HomePick of the DayPick of the Day: 1953 Dodge Power Wagon for the true off-road...

Pick of the Day: 1953 Dodge Power Wagon for the true off-road fanatic

Rugged military 4X4 is equipped to scale the roughest back-country terrain


Think you’re serious about off-roading?  Then a military-grade Dodge Power Wagon should put you over the top, in more ways than one.

The Pick of the Day is a 1953 Dodge M-37 Power Wagon, a 4X4 pickup truck in Olive Drab, with a convertible top, spartan interior and attitude a mile wide.


“One look at the camo-like green exterior, and we know your imagination is dreaming about the places you can go and the projects you can tackle,” says the Concord, North Carolina, dealer advertising the Dodge on “Owning a military-grade machine like this is about reaching beyond any limit you could ever imagine.

“That’s why there’s a strong winch up front, full-metal brush guard, and tow hooks front & rear. It’s even thoughtful in its functional layout with a bed-mounted spare, storage boxes built into the sides, and hooks & racks for your tools. So wherever you go, you get to haul all your gear, too.”

While unlikely to win a beauty pageant, this original-looking Dodge pickup is fitted with military-style off-road tires and wearing what looks like a battle-scarred patina. 

“Under the hood is more of that military-grade toughness,” the seller adds. “The flathead inline-six motor has been in production for decades. These motors date back to the time when these Dodges helped win WWII, but this one has had plenty of recent investments. A new carburetor, correct-style intake, and exhaust were all added within the last few months. This even has an electric fuel pump and runs a proper 12-volt system.

“So this motor is still just as strong as battle-tested soldier. It provides genuine stump-pulling torque so this could be a true workhorse on your land, or the four-speed manual and 4×4 transfer case might just make for the ultimate recreational vehicle. There’s even a new master cylinder, brake shoes, and brake cylinders for confident stopping power.”

The Dodge’s simple, unadorned interior has been updated for drivability, with turn signals, a keyed ignition and updated headlight controls, the seller says.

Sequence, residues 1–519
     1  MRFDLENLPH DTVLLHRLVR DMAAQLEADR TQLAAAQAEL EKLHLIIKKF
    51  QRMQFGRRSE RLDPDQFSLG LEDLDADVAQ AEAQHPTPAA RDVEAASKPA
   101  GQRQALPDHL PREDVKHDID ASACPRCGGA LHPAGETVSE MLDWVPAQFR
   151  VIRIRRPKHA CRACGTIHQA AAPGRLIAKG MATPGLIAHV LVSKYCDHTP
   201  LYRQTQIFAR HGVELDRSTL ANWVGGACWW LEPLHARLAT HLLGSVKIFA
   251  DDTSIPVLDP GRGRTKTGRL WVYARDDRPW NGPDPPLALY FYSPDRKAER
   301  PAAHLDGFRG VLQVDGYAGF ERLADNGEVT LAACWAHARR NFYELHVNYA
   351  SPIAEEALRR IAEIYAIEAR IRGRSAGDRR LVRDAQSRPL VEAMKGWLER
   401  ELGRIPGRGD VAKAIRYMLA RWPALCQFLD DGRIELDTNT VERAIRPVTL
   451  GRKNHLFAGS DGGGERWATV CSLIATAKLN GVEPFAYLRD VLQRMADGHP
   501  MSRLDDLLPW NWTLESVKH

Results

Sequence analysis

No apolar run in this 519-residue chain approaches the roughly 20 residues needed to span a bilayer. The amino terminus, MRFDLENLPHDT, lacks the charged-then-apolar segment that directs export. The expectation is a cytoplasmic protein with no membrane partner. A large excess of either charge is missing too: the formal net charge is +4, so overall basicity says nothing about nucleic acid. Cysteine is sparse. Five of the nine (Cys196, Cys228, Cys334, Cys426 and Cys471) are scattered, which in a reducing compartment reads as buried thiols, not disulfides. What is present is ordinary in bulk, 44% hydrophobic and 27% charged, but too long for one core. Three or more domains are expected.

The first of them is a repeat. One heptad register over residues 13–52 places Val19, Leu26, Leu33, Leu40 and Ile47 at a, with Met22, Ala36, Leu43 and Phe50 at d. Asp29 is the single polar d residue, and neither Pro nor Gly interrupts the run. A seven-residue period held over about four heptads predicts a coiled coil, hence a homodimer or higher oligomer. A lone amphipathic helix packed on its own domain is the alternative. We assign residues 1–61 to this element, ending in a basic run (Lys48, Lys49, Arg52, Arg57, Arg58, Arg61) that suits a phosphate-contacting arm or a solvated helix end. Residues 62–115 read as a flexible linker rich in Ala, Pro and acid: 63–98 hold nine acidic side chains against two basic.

“This is a tough-as-nails machine that is built to be reliable, and that’s why you want it,” the seller says. “The one major luxury is the new removable soft top. These can be pricey, and it’s nice to have the option of keeping the sunshine off your shoulders.”

The odometer on the simple speedometer – which goes to just 60 mph – says the Dodge has been driven only 37,384 miles, but no word whether that is correct. 


The asking price is $18,995, which seems like a fair amount for all this rugged capability.

To view this vehicle on, see Pick of the Day

Bob Golfen
Bob Golfen
Bob Golfen is a longtime automotive writer and editor, focusing on new vehicles, collector cars, car culture and the automotive lifestyle. He is the former automotive writer and editor for The Arizona Republic and, the website for the SPEED motorsports channel. He has written free-lance articles for a number of publications, including Autoweek, The New York Times and Barrett-Jackson auction catalogs. A collector car enthusiast with a wide range of knowledge about the old cars that we all love and desire, Bob enjoys tinkering with archaic machinery. His current obsession is a 1962 Porsche 356 Super coupe.


  1. In the early 1970’s a buddy of mine bought one of these, still with the 24 volt electrcial system .

    To be a proper 12 volt system it’d have an alternator .

    His had the ‘winter cab’ instead of the deafaening flapping canvas one .

    Good trucks if horribly slow .


  2. Sweet. To go play MASH with, or take to re-enactments of WW2 and Korea. Used these my own self on active duty.
    But, as Nate points out- slow. Horrifically, scarily slow unladen. Fill ‘er up, grab a trailer, head for the highway? Yer gonna die. Either from being run over by a semi, or shot by a road rager that would like to actually do the 70mph limit.
    Oh, Nate, there are several companies that disguise 12v alternators as generators for the restomod market, so it might really be a 12v system.

  3. A colleague of mine bought one of these in very good condition back in the late seventies. In our secondary school on a stand in the shop was an unused V8 Chrysler engine. Pat and Graham, the auto shop teacher, cooked up a deal whereby they would swap the six in Pat’s truck for the V8, which wouid be put to to work towing canoes and other tasks for the phys ed. department. When I moved to another school after ten years, Pat’s truck was still going strong.

  4. this is like the MASH AMBULANCE.. nice to look at butt , a pain to operate on open road.. a hippie friend bought an ambulance & never took it out on the open road… I had a 53 Dodge 6cyc 1&1/2 ton and traveled alover the country side , with home made built on camper , still a little slow up,hill but , we had a lot of fun with her..


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